Panzer III was the common name of a medium tank that was developed in the 1930s by Germany and was used extensively in World War II. The official German designation was Panzerkampfwagen III Sd Kfz. 141 (abbreviated PzKpfw III) translating as “armoured fighting vehicle”. It was intended to fight other armoured fighting vehicles and serve alongside the infantry-supporting Panzer IV. However, as the Germans faced the formidable T-34, stronger anti-tank guns were needed. Since the Panzer IV had a bigger turret ring, the role was reversed. The Panzer IV mounted the long barreled 7.5 cm KwK 40 gun and engaged in tank-to-tank battles. The Panzer III became obsolete in this role and for most purposes was supplanted by the Panzer IV. From 1942, the last version of Panzer III mounted the 7.5 cm KwK 37 L/24, better suited for infantry support. Production of the Panzer III ended in 1943. However, the Panzer III’s capable chassis provided hulls for the Sturmgeschütz III until the end of the war.

The Ausf J was the first model of the series to have the armour protection increased to a basic 50mm. An initial order for 900 was later increased to 2700 and assigned a second chassis number series.

The increase to 50mm of the main front and rear surface armour, necessitated newly-designed fittings. An improved for the driver was fitted, together with a new ball-shaped hull machinegun mount. Single-piece access hatches in the glacis, hinged at the front, were fitted in place of the double-hatch. Newly-designed air intakes for brake and final-drive cooling were mounted on the upper hull front. The smoke-cradle rack was re-positioned and mounted inside the redesigned upper tail plate, for additional armour protection. From April 1942, 20mm spaced armour was added to the gun mantlet and/or superstructure front.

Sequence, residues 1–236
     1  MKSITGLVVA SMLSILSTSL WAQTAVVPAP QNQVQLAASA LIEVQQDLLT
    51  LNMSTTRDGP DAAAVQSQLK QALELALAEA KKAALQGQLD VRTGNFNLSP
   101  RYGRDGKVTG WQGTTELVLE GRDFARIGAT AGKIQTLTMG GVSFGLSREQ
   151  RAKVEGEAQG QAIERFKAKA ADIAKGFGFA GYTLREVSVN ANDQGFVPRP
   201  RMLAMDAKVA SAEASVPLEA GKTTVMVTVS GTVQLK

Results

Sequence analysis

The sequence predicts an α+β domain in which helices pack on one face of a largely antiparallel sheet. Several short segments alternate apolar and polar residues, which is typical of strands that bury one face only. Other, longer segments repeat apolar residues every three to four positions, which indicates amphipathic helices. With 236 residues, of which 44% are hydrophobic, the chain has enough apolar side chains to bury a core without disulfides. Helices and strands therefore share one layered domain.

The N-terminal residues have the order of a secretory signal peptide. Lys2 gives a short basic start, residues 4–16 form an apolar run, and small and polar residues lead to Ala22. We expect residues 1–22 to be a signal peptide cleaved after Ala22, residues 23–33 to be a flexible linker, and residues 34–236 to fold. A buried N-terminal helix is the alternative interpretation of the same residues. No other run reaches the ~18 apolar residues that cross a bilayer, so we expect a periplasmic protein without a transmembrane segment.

The Ausf J with the 5 cm KwK L/42 were used to equip the 2nd and 5th Panzer Division, and an independent Panzer regiment, which were sent as reinforcements to Russia in September 1941. The remainders were used to replace the loss of approximately 1400 Pz Kpfw III during the first year of fighting Russia and North Africa. At the start of the summer campaign on the Eastern front in June 1942, approximately 500 Pz Kpfw III (5cm KwK L/42) were with the Panzer divisions at the front. A year later, at the start of the offensive at Kursk, there were still 141 with Army Groups Centre and South.

Dragon Kit No. 9054,came with the Borgward IV Ausf.B.It was officially designated Schwerer Ladungsträger Borgward B IV (heavy explosive carrier Borgward B IV), and was a German remote-controlled demolition vehicle used in World War II.

As far as the kit goes, I remember it went together very nicely. Cyber Hobby/Dragon now has an updated version of this kit Cyber Hobbyies Kit No. CHC6510. And of course it has been retooled. And that should be a joy to build.